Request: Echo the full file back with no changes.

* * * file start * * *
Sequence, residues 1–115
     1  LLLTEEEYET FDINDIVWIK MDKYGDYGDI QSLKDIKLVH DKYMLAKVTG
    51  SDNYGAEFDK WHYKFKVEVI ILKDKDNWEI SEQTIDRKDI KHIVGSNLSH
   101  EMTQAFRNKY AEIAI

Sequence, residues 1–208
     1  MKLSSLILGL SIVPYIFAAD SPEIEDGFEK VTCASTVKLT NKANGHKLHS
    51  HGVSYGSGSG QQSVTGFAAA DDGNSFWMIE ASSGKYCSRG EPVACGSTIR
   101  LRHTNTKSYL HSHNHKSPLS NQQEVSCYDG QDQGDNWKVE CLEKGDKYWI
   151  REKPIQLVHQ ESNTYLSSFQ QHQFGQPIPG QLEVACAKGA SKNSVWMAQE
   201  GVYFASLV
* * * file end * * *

Sequence, residues 1–115
     1  LLLTEEEYET FDINDIVWIK MDKYGDYGDI QSLKDIKLVH DKYMLAKVTG
    51  SDNYGAEFDK WHYKFKVEVI ILKDKDNWEI SEQTIDRKDI KHIVGSNLSH
   101  EMTQAFRNKY AEIAI

Sequence, residues 1–208
     1  MKLSSLILGL SIVPYIFAAD SPEIEDGFEK VTCASTVKLT NKANGHKLHS
    51  HGVSYGSGSG QQSVTGFAAA DDGNSFWMIE ASSGKYCSRG EPVACGSTIR
   101  LRHTNTKSYL HSHNHKSPLS NQQEVSCYDG QDQGDNWKVE CLEKGDKYWI
   151  REKPIQLVHQ ESNTYLSSFQ QHQFGQPIPG QLEVACAKGA SKNSVWMAQE
   201  GVYFASLV